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Richard Hull
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Re: Harbor Freight freebie meters

Post by Richard Hull » Thu Nov 22, 2018 9:13 am

The stock Keithley electrometers can have input impedances as high as a teraohm (1000 gigohms). Some old engineers I hung with had a term...
" A qualified precision open" for the occasional one teraohm resistor we would come across. Unfortunately the highest voltage you can read on most Keithley electrometers is typically 10 volts.

A high-end vibrating reed electrometer can approach the petaohm input range and can differentiate in special measurements, a difference of +/-100 electrons of charge.

The Harbor Freight meters are what they are. I put out the post here using an approx. 99 megohm "adjusted resistor" in series with the Harbor Freight 1 meg input resistance to create a 100 megohm input impedance 2000 volt meter with the meter on the 20 volt range.

I needed the 100 meg impedance to calibrate GM supplies, PMT, supplies and bias supplies that typically have ultra low current output capabilities. It is used a lot by me in my work here at the lab. Free is always free and in the case of the free H.F. meters you get far more value than you pay for.

The new batch of H.F. free meters, probably to satisfy ridiculous safety nerd standards, no longer have a 1KV DC range or a 750volt AC range. All ranges end at 200-250 volts AC or DC. They are still 1 meg input impedance.

The meter I made up with 100meg input, if placed on the 2 volt range, will remain a 100meg input impedance and measure 0-200 volts. Likewise on the .2 volt range it will still be a 100meg meter to 0-20 volts. Needless to say if you want hyper accuracy you gotta' hand cob yer 99 meg resistor with .1%, low temp co resistors. Something no one here typically has access to or money to pay for them if they did have access.

The little 2kv meter I made up could be 50 volts off at 1500 volts and the devices I work on would not care. However, in assembling my resistor I used a Keithley 50ma capable, (low output impedance), 0-3500 volt, precision, decade switched, regulated supply to hum my resistor trim to dead on at room temp with 2% flame proof resistors.

Fluke and Keithley both made such precision, beefy supplies in the 40s to the 60s and used transmitting power output tubes to regulate and supply current to the output. I have two of them that I picked up at hamfests over the years and they run about $30 if working. You'll need a strong back or a cart at the hamfest to drag one of these baby's back to your car.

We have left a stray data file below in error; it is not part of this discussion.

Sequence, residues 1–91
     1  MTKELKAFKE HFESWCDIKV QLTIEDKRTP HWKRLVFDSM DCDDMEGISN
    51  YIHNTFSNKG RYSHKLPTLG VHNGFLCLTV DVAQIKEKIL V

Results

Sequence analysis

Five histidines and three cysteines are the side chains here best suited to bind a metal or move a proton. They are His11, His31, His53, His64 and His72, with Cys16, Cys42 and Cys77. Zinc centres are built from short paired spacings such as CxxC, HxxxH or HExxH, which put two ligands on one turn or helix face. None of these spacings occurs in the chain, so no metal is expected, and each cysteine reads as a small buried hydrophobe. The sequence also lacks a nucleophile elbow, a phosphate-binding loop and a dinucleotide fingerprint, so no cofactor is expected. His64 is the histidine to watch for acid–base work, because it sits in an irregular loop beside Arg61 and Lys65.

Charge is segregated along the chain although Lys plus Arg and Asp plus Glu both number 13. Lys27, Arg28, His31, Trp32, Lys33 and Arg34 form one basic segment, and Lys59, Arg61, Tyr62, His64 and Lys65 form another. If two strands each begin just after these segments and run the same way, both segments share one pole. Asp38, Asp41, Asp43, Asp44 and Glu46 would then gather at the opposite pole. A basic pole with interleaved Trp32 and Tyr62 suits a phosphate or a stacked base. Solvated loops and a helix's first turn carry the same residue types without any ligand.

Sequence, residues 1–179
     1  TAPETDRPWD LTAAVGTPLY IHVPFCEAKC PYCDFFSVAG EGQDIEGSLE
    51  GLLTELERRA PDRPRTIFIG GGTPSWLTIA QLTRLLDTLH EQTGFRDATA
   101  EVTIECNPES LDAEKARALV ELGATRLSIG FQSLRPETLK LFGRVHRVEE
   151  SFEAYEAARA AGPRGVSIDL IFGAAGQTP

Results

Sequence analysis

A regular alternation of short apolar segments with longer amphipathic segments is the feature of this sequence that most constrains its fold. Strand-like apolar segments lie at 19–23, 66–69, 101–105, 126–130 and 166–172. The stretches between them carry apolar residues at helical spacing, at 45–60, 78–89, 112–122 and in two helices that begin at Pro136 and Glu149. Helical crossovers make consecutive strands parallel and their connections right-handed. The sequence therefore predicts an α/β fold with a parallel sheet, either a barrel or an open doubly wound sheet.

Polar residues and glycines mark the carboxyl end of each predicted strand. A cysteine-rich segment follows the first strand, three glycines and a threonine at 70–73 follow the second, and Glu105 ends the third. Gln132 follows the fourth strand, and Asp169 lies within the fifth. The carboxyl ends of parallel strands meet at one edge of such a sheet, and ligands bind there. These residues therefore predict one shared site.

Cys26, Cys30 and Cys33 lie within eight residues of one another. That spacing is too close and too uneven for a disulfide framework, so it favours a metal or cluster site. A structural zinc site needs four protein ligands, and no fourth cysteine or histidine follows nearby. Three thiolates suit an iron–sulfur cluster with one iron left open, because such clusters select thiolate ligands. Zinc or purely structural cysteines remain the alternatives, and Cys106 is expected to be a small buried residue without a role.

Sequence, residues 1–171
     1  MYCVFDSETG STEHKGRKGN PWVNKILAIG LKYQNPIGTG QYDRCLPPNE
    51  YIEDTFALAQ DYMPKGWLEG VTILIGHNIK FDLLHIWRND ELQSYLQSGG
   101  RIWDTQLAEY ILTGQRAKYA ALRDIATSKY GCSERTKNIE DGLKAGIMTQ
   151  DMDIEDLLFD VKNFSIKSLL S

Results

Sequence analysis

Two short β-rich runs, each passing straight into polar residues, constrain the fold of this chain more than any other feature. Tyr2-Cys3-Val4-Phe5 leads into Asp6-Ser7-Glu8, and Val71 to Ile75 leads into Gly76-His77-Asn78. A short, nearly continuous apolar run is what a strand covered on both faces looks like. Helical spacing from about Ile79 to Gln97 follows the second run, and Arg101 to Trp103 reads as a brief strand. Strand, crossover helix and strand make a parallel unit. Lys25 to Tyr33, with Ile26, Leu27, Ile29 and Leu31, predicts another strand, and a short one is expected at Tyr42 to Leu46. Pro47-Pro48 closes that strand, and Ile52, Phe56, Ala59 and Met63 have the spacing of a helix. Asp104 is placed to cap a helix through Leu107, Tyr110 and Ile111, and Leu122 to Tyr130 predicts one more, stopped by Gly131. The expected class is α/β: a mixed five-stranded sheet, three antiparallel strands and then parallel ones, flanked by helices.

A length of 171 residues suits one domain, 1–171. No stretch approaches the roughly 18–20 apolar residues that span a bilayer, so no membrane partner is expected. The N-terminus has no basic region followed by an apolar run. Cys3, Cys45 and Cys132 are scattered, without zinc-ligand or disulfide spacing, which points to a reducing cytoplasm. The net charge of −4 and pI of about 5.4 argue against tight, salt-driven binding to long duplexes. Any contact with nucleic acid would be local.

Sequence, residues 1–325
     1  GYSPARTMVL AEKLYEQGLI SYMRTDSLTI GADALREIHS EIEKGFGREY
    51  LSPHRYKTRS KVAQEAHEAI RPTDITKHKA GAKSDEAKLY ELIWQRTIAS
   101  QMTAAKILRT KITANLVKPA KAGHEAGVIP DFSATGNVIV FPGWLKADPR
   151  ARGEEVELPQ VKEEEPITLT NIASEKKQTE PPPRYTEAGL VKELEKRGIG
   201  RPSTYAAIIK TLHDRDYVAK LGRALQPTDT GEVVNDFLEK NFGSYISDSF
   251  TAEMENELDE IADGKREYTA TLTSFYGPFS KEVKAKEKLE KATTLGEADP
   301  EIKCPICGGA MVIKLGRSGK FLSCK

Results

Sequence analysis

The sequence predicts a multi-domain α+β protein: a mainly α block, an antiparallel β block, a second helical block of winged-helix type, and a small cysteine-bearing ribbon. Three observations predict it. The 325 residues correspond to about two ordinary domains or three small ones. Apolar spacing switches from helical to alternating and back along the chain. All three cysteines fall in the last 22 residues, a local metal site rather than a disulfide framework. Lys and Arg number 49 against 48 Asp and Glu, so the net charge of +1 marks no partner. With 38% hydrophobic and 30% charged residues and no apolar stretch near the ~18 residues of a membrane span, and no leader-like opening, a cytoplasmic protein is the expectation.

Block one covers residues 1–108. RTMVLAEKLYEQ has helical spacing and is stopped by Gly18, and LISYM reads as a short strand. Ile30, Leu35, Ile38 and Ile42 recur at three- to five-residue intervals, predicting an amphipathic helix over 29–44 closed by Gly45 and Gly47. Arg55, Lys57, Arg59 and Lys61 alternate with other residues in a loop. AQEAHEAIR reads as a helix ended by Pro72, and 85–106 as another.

Richard Hull
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Fusion is the energy of the future....and it always will be
Retired now...Doing only what I want and not what I should...every day is a saturday.

Dan Knapp
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Re: Harbor Freight freebie meters

Post by Dan Knapp » Thu Nov 22, 2018 1:53 pm

It looks like I should have been aware of the 1 Meg input resistance if I had remembered some previous posts on these meters, but at my age I’m doing well to remember my name. At any rate, my post precipitated some interesting discussion.
I have an unrelated question that relates to my present task of trying to fix a Kimball Physics electron gun controller without the benefit of a circuit diagram (EGPS-7FX5 in case someone out there has the schematics). I think I recall Richard stating that when he fixes NIM modules, the first thing he does is replace all of the tantalum electrolytic capacitors. Did I recall this correctly (the controller is about thirty years old and full of these)?

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Richard Hull
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Re: Harbor Freight freebie meters

Post by Richard Hull » Thu Nov 22, 2018 7:30 pm

The bad tantalums in all older NIM gear are early tantalums. Early tantalums are prone to drying out and failing. The typical failures in NIM gear are those located near the 1/8 watt 10 ohm, "fuse resistors" in the NIM module's power supply lines. Often, the resistors are burned up and open. Replace them and all tantalums near the cluster of 10 ohm tiny resistors.

Richard Hull

P.S. As I write this, Thanksgiving afternoon, the smell of roasting turkey and fixin's waft through the house as the old gal does her thing in the kitchen. The two cats are under her feet as they know the "good stuff" is on the way. RH
Progress may have been a good thing once, but it just went on too long. - Yogi Berra
Fusion is the energy of the future....and it always will be
Retired now...Doing only what I want and not what I should...every day is a saturday.

ian_krase
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Re: Harbor Freight freebie meters

Post by ian_krase » Sun Nov 25, 2018 5:14 am

I'm not sure if the meter ratings should be Considered ridiculous safety nerd stuff. I'm not willing to use HF meters, or most other cheapie meters, on moderate-voltage high-current stuff like wall current.

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Bob Reite
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Re: Harbor Freight freebie meters

Post by Bob Reite » Sun Nov 25, 2018 9:31 pm

I'm guessing it's because the test lead wire is so flimsy on the current batch of meters is that they had to derate them to 250 volts.
The more reactive the materials, the more spectacular the failures.
The testing isn't over until the prototype is destroyed.